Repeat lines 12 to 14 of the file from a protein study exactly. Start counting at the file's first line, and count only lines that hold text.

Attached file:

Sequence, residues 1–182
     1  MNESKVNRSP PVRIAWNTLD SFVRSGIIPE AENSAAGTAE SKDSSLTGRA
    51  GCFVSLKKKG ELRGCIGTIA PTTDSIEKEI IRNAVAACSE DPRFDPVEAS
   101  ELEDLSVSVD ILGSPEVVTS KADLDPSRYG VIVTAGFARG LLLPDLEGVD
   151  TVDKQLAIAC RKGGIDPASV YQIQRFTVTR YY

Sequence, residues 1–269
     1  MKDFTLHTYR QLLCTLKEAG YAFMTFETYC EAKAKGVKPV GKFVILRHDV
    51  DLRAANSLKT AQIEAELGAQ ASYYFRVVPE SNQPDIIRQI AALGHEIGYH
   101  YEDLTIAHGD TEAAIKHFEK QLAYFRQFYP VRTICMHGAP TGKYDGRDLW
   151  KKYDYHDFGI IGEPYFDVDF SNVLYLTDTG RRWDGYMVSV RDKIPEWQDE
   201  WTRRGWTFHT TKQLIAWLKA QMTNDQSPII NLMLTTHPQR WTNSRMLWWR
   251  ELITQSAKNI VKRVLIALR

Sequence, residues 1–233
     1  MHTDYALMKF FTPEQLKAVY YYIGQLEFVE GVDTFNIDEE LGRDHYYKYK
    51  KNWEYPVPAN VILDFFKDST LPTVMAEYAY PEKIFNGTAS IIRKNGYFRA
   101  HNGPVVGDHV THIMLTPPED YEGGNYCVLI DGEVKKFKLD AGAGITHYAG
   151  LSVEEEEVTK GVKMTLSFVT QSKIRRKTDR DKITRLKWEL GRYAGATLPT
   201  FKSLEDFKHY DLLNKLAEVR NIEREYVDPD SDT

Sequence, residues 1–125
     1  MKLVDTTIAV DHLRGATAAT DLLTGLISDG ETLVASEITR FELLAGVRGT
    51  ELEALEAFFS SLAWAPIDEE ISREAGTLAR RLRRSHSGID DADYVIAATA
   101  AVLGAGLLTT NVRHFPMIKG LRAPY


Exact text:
   251  ELITQSAKNI VKRVLIALR

Sequence, residues 1–233
     1  MHTDYALMKF FTPEQLKAVY YYIGQLEFVE GVDTFNIDEE LGRDHYYKYK